Being in the business of offering payroll outsourcing in the UK gives a very blinkered view of global payroll, so I’ve taken some time to look at payroll over there on ‘the other side of the pond’. I’m taking a look at the similarities, the differences, and more importantly what clients need, and should look for, when considering outsourcing payroll.
We actually have quite a lot in common!
In the UK, we know Her Majesties Revenue and Customs (HMRC) well, and our colleagues in the US have the IRS, which does a very similar job.
British employees are taxed at 20%, and higher earners at 40% increasing to 45% for super earners. I’ve discovered that the US has a similar variance in its tax rate. Tax is deducted at up to 39.6% which is standard across all states with the rate increasing, based on earnings.
Here in the UK we also deduct National Insurance on earnings above a baseline, at 12%. This is similar to Social Security and Medicare.
There are other similarities like minimum wage legislation, and national holidays and bank holidays (UK). But a discovery that each state in the US has its own unique legislation must add complexity to an already complex subject. The UK has new pension legislation and payrolling of benefits, so, no matter which side of the pond you’re on, becoming a new employer can set you on a path that can involve fines from the IRS or penalties from HMRC.
But new or existing employers have the same three reasons for thinking about outsourcing:
Time. Skills. Cost.
My new business clients feel like they don’t have enough hours in the day, and extra time to learn all the ins-and-outs of legislation just isn’t something that’s going to fit. If they initially take care of payroll themselves, it’s not long before their time becomes way too valuable to be crunching numbers. Whether you’re from London or New York, learning and understanding the finer points of the law, particularly when it comes to the local legislation is crucial. Penalties for errors in the UK can be significant and I can’t imagine the IRS being any more lenient. And so whilst many employers try to run payroll inhouse, there don’t have to be many fines to make the cost of outsourcing your payroll seem like the financially sensible option.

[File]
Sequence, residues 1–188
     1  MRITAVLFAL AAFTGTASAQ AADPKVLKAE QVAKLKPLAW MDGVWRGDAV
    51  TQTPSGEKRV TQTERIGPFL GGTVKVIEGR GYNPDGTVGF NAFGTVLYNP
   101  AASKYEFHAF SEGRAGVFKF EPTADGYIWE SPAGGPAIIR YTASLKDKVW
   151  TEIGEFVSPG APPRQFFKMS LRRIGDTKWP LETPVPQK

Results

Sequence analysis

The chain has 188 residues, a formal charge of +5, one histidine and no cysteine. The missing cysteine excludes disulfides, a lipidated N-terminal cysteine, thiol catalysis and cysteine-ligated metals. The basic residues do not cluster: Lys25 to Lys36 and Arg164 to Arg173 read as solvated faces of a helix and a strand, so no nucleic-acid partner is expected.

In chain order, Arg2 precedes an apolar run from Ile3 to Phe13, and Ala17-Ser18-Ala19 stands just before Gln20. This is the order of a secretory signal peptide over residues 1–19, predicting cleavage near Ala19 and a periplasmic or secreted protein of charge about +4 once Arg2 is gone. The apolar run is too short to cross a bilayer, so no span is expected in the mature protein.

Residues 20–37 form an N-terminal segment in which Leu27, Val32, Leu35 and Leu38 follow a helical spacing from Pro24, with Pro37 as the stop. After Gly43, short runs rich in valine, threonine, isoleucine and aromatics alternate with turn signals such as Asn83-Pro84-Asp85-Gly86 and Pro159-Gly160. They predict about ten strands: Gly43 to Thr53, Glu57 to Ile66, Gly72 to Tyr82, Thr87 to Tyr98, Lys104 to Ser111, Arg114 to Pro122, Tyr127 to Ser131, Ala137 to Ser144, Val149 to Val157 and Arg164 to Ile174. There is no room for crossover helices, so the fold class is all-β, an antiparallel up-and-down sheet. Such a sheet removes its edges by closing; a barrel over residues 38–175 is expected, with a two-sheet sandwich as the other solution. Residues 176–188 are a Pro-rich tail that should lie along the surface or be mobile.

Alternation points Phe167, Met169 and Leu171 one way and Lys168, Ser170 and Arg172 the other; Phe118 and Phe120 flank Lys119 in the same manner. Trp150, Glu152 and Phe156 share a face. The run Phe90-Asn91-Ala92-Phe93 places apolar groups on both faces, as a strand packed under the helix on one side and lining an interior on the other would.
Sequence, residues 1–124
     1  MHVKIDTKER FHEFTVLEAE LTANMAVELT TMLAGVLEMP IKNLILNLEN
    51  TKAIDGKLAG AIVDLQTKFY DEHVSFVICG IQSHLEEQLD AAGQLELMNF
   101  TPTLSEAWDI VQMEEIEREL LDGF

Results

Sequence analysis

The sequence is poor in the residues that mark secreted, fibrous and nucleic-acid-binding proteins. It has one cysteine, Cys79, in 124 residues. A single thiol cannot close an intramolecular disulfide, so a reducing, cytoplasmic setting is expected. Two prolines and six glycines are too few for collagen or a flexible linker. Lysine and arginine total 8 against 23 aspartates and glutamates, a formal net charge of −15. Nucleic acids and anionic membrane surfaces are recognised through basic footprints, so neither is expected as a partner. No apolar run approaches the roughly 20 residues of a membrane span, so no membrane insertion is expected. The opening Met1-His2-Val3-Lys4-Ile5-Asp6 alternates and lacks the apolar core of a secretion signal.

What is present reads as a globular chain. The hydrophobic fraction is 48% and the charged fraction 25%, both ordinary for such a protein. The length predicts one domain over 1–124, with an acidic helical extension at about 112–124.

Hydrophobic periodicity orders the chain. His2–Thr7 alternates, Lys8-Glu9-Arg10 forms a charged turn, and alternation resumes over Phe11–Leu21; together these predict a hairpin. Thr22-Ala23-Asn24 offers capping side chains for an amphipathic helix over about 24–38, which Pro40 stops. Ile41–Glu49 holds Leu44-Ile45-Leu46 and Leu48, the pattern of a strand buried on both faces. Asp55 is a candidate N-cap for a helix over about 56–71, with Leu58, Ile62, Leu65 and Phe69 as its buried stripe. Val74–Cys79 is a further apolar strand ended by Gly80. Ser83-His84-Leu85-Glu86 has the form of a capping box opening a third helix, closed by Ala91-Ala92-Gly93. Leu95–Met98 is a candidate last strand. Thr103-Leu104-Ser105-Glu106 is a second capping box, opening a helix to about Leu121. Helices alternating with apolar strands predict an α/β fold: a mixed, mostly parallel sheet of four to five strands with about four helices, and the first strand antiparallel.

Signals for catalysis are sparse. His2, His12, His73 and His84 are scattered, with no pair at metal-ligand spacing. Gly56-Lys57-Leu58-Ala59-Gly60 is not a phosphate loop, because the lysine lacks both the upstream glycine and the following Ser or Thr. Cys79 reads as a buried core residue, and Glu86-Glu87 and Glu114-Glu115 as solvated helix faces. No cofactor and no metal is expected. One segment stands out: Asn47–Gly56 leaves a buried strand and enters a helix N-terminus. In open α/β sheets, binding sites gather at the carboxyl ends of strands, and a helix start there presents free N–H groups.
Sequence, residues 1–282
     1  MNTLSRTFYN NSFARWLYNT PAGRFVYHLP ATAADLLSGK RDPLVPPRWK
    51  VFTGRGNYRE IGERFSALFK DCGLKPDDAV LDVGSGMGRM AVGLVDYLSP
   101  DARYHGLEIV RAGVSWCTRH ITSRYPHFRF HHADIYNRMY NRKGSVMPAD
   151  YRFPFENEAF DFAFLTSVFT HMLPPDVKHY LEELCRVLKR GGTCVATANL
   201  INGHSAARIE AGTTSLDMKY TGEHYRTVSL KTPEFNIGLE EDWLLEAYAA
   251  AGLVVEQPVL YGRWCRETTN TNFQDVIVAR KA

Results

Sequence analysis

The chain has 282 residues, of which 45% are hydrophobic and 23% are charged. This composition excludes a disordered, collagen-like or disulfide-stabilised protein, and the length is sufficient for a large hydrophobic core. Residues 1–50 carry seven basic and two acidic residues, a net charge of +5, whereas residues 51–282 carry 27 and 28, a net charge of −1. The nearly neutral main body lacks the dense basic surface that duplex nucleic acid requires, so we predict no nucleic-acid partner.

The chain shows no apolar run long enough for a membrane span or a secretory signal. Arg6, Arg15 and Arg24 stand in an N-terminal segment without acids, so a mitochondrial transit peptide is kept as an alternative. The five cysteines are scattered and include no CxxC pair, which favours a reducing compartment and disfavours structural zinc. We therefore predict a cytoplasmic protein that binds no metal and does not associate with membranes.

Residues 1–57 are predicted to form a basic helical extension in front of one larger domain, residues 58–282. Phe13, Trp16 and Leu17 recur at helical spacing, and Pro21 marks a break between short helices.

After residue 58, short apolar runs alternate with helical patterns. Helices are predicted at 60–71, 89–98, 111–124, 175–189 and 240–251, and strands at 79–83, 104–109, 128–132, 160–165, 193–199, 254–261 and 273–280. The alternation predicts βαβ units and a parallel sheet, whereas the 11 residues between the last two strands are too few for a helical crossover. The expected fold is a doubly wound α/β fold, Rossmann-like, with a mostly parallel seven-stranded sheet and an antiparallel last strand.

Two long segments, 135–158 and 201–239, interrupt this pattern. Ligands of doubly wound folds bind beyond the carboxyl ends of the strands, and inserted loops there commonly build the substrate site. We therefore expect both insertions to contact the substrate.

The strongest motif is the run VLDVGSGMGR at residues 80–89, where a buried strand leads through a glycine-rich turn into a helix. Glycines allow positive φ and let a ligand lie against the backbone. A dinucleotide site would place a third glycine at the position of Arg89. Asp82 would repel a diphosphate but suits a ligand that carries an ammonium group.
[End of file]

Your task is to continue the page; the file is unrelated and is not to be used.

So what’s important to an employer when looking for their outsource partner? It goes without saying that your payroll service provider should be qualified and experienced, and checking that they’re registered with their governing body and up to date is a good way of ensuring that the basics are right.
I’d also say the relationship is one of the largest factors, with a good dose of trust and integrity thrown in. Payroll service providers are in it for the long hall, and as a new client you need to feel that you can communicate clearly and honestly with them. Without a doubt there are going to be times when things don’t quite go to plan and being able to discuss issues and resolve them, without the business relationship breaking down is invaluable. So speak to potential payroll service providers, get a feel for their nature and find someone you fit with. Not many business decisions should be made with your ‘gut’ but you’re buying a service, so relationship is key here!
Businesses all have different needs, and depending on the size of your business, what you do and how many employees you have, you’ll have different ideas of how you want payroll to work. You might be looking for a ‘bare bones’ payroll that’s enough to keep you compliant, or possibly something more complex. Whilst the industry is changing and so are the products available, some payroll providers are going to be more flexible than others. So if you plan on growing your employee headcount, ask potential providers about their flexibility. If you start off with the simplest of payroll services, but have plans in the future to grow and think you’ll want an online employee portal to minimise administration and keep employee documents available online easily, ensure the provider can offer what you’ll need as you grow.
And whilst for some businesses it won’t be a consideration, cost should be something that’s made plain by the provider from the beginning. Years ago there were separate charges for documents and reports, year-end processing, putting things in the post, and all manner of chargeable tasks, but there isn’t a good reason for that being the case these day. Software is integrated and documents and reports are emailed. So ask about extra charges, hidden costs and how long the price you’re quoted is good for. Whilst they’re not huge, continually having your payroll provider invoicing for things that ‘are in the small print’ eats away at the good will in the relationship. You are trusting this company with sensitive information, you should be able to trust them to be open about their fees too.
So, even with all that in mind, outsourcing does come out as the good sense option. You’re running a business, you’re the expert in your field and you do what you do really well. Use your time and energy to drive your business, and let the number crunchers sit in the background and take care of business